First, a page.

Desperately Seeking Salads…and Grilling Fruits and Vegetables

Posted on May 20, 2014 in Archives

May 20, 2014 Chengdu, China 

Getting ready to grill on my balcony, where I grow many of the things I can’t find here in China

What do I miss here in China? Mediterranean foods! Hearty breads, okra, olives, fresh herbs, and salad greens. They just don’t eat raw foods here. Even cucumbers are popped in the wok or steamer for a few seconds or minutes before they serve them in cold dishes. I’m growing mesclun and arugula, basil and dill, oregano and marjoram, and parsley and thyme on my balcony. Plus my Bulgarian tomatoes. And I can buy rosemary at the big German Costco-like Metro store, but it’s on the other side of town. Cilantro is everywhere. I order limes from Yunnan province. I can find prosciutto and an occasional whole-grain baguette that isn’t as fluffy as Wonderbread (though only once did I find such a baguette, in a French supermarket also on the other side of town). They wash everything in antibacterial soaps, even if it’s to be peeled and cooked. I guess they’ve learned their lessons after centuries of night soil. There is a big organic movement going on here, but just because the label says organic doesn’t preclude night soil. I make do with what’s available.

Chrysanthemum Greens

Recently – I don’t remember where – I had a salad of Chrysanthemum coronarium leaves, simply dressed with mostly sesame oil. Also known as Edible Crown Daisy, or, most simply, as (tóng) in Chinese, these are NOT a flower-garden variety of Chrysanthemum: don’t go eating the leaves of your favorite mum or you will be sorely disappointed (and disgusted)! Chrysanthemum is a vast, complicated genus of Asters, and most are now considered by botanists to be Dendranthema. The so-called edible daisies are still classified as Chrysanthemum. They are native to the Mediterranean and East Asia; here they are cultivated specifically as a food plant. Often called Japanese greens, they are also known as garland chrysanthemum, chrysanthemum greens, edible chrysanthemum, horseweed mugwort, and chop suey greens.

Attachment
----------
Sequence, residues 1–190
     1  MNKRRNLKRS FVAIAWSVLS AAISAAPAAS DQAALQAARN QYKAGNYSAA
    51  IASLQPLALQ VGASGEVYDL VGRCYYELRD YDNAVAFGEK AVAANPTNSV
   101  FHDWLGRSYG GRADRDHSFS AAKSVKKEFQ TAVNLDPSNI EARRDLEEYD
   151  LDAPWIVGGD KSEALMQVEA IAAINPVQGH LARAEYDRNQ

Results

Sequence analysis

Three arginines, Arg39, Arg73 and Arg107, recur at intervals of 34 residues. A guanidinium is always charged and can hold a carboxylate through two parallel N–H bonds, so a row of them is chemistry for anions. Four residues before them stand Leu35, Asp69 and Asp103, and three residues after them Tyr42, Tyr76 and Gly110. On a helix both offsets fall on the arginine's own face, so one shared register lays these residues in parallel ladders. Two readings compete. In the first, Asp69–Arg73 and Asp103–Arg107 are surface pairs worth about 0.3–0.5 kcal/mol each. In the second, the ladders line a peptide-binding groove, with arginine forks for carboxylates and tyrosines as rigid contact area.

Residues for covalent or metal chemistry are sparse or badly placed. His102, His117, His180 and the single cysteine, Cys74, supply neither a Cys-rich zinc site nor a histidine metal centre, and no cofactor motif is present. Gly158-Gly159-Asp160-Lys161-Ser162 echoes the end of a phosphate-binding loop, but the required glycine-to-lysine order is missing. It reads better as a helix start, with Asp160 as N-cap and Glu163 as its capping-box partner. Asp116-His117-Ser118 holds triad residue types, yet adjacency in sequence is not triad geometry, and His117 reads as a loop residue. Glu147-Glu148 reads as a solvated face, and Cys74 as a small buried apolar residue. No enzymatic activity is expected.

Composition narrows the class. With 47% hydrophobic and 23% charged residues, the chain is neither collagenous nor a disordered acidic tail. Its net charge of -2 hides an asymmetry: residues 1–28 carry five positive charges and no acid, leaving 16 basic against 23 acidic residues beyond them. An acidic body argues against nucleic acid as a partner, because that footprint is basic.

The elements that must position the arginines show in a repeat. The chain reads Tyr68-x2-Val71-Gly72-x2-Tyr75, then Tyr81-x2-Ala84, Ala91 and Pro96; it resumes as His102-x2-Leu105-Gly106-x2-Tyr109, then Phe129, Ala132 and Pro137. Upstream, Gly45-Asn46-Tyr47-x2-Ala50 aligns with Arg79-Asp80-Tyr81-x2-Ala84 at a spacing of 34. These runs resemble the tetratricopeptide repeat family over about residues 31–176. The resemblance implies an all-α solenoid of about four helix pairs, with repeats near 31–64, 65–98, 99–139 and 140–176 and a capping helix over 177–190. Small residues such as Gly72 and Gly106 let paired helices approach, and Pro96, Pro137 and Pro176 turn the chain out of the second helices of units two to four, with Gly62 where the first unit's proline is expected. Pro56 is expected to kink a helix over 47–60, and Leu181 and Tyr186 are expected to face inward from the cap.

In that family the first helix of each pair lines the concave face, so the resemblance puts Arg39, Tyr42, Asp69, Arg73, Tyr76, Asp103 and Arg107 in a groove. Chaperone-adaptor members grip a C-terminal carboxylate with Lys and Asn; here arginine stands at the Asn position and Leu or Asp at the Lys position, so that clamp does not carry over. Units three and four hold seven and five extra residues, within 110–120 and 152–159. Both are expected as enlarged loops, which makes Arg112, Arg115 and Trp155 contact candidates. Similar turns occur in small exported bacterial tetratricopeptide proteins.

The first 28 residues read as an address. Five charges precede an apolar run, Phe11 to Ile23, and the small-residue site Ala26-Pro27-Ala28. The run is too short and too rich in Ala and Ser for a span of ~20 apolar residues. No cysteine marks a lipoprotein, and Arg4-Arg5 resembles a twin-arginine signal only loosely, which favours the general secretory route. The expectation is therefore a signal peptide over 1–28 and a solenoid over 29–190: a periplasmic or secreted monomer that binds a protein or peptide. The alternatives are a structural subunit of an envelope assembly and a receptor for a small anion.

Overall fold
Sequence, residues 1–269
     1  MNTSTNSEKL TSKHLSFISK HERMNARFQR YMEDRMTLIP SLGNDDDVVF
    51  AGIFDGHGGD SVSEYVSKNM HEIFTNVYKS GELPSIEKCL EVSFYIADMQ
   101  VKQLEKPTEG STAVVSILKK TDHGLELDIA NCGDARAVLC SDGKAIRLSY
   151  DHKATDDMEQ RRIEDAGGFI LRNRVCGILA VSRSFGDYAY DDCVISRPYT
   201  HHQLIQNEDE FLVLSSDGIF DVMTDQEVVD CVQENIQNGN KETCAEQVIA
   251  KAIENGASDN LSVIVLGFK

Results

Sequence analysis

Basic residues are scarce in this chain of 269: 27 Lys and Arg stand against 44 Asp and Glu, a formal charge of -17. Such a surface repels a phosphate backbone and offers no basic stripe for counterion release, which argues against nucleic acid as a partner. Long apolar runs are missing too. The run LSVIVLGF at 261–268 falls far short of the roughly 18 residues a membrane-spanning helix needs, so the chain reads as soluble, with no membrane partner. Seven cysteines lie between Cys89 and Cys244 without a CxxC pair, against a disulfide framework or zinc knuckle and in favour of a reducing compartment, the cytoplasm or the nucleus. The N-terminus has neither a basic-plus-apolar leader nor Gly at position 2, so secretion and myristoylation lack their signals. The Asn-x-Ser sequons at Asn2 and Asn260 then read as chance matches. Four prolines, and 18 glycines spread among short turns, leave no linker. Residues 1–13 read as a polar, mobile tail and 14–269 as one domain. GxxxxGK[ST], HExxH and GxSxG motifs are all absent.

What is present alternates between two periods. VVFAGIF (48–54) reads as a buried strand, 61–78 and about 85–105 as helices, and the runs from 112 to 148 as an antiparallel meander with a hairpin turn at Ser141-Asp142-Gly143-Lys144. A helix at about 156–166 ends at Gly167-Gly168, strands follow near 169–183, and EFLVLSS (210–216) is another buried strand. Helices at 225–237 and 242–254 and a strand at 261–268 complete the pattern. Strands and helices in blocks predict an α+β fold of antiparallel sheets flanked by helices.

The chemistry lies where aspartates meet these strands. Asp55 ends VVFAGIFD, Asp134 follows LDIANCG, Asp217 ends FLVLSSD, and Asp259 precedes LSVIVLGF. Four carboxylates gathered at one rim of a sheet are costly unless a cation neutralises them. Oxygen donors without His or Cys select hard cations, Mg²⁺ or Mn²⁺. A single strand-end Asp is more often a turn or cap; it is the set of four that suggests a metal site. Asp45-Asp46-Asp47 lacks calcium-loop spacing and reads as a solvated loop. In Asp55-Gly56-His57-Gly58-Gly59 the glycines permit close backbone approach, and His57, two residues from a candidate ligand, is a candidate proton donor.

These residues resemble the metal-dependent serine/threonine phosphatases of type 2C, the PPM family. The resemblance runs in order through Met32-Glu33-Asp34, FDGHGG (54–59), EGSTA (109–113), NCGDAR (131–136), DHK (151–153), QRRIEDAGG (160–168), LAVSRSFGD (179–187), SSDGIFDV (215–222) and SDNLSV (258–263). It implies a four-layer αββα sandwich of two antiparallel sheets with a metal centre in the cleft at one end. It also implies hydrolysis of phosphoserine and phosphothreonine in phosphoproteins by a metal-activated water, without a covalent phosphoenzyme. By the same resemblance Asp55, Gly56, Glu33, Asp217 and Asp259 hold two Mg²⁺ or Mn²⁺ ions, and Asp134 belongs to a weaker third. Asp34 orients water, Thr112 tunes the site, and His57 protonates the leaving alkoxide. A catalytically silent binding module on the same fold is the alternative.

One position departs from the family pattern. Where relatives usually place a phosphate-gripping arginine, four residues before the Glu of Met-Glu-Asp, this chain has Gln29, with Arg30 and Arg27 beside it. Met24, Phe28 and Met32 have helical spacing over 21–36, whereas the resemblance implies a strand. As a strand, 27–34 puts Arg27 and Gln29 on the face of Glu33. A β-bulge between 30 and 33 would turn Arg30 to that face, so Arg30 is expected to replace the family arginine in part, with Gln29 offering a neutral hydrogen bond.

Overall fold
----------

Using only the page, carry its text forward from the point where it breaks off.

Chrysanthemum leaves wilt shortly after being picked; perhaps this is why they are invariably cooked, if even for a few seconds, before eating them. Bruce Cost wrote in Asian Ingredients, “With a soft, spinach-like texture, a subtle musty-floral fragrance, and a slight astringency, these are a popular salad green, though not in the Western sense. Young and freshly picked, they’re occasionally eaten raw in Japan, but the Japanese and Chinese usually parboil them briefly…. In Japan this vegetable is also added, literally at the last minute, to soups and stews. In China it’s also stir-fried with salt, sugar, and wine….Before using, any buds should be plucked and discarded, and the leaves should be rinsed thoroughly, as this may be the world’s sandiest vegetable.”